UnionFS

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UnionFS
Developer Open Source Community
Full name Unification File System
Features
File system permissions POSIX
Transparent compression No
Transparent encryption No (provided at the block device level)
Supported operating systems Linux, FreeBSD and NetBSD

UnionFS is a filesystem service for Linux, FreeBSD and NetBSD which implements a union mount for other file systems. It allows files and directories of separate file systems, known as branches, to be transparently overlaid, forming a single coherent file system. Contents of directories which have the same path within the merged branches will be seen together in a single merged directory, within the new, virtual filesystem.

When mounting branches, the priority of one branch over the other is specified. So when both branches contain a file with the same name, one gets priority over the other.

The different branches may be both read-only and read-write file systems, so that writes to the virtual, merged copy are directed to a specific real file system. This allows a file system to appear as writeable, but without actually allowing writes to change the file system, also known as copy-on-write. This may be desirable when the media is physically read-only, such as in the case of Live CDs.

Uses[edit]

In Knoppix, a union between the file system on the CD-ROM or DVD and a file system contained in an image file called knoppix.img (knoppix-data.img for Knoppix 7) on a writable drive (such as a USB memory stick) can be made, where the writable drive has priority over the read-only filesystem. This allows the user to change any of the files on the system, with the new file stored in the image and transparently used instead of the one on the CD.[1]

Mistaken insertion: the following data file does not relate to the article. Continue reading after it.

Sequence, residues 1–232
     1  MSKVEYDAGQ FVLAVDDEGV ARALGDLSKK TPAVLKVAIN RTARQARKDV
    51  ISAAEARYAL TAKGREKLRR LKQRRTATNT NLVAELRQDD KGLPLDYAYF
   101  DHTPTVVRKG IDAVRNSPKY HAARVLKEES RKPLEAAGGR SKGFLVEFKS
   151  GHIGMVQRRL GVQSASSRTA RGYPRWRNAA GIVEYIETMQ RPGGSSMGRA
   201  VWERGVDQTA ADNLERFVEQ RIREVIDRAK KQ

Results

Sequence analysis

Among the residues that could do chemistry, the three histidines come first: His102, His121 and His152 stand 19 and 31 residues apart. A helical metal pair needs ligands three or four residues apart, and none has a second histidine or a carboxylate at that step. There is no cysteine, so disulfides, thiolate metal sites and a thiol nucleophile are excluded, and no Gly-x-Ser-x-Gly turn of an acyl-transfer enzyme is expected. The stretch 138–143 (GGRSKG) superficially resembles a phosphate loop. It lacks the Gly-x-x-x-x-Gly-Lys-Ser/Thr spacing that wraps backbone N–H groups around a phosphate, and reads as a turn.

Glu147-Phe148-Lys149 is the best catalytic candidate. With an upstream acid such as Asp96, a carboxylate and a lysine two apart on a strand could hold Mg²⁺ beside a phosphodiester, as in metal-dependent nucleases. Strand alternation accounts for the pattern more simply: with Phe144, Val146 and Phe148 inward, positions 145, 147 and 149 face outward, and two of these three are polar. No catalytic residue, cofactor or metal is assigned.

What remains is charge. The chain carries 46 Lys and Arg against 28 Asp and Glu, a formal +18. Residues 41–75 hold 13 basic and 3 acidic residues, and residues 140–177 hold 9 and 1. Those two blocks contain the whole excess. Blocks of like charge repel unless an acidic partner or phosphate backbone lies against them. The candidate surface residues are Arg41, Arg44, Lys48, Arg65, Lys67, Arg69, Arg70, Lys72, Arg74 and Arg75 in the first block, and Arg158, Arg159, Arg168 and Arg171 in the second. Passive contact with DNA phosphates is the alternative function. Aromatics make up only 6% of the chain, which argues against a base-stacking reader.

UnionFS can also be used to create a single common template for a number of file systems, or for security reasons. It is sometimes used as an ad hoc snapshotting system.

Other implementations[edit]

Unionfs for Linux has two versions. Version 1.x is a standalone one that can be built as a module. Version 2.x is a newer, redesigned, and reimplemented one. Version 2.x is the smallest implementation of unioning for Linux, it is heavily tested and inspected by many kernel developers, and it is more efficient.[citation needed]

aufs is an alternative version of unionfs.[2]

UnionFsFuse is an independent project, implemented as an user space filesystem program, instead of a kernel module or patch. Like UnionFS, it supports copy-on-write and read-only or read-write branches.[citation needed]

Plan 9 from Bell Labs operating system uses union mounts extensively to build custom namespaces per user/processes. The same concept, implemented as "union mount", has also been available in BSD, since at least 1995.[3]

The GNU Hurd has UnionFS.[4] As of January 2008, it works, but results in a read-only mountpoint.

mhddfs works like UnionFS but permits balancing files over drives with the most free space available. It is implemented as a user space filesystem.

Sun Microsystems introduced the first implementation of a stacked, layered file system with copy-on-write, whiteouts (hiding files in lower layers from higher layers), etc. as the Translucent File Service in SunOS 3, circa 1986.[5]

JailbreakMe 3.0, a tool for jailbreaking iOS devices released in July 2011, uses unionfs techniques to speed up the installation process of the operating system modification.[6]

References[edit]

  1. ^ Persistent disk image section on knoppix wiki
  2. ^ "aufs Homepage". Retrieved 27 April 2012. 
  3. ^ "USENIX 1995 Technical Conference Proceedings". 16–20 January 1995. Retrieved 7 March 2012. 
  4. ^ http://www.gnu.org/software/hurd/hurd/translator/unionfs.html
  5. ^ Sun/Release 3.0. vol. 1. Interleaf Technical Publishing. 1988. pp. 15‑1–18, 16‑1–19. 
  6. ^ Waisybabu (19 June 2011). "Comex Working On Faster Jailbreaking Process for JailbreakMe 3.0; iPad 2 Jailbreak Coming Soon!". Redmond Pie. Retrieved 24 September 2011. 

External links[edit]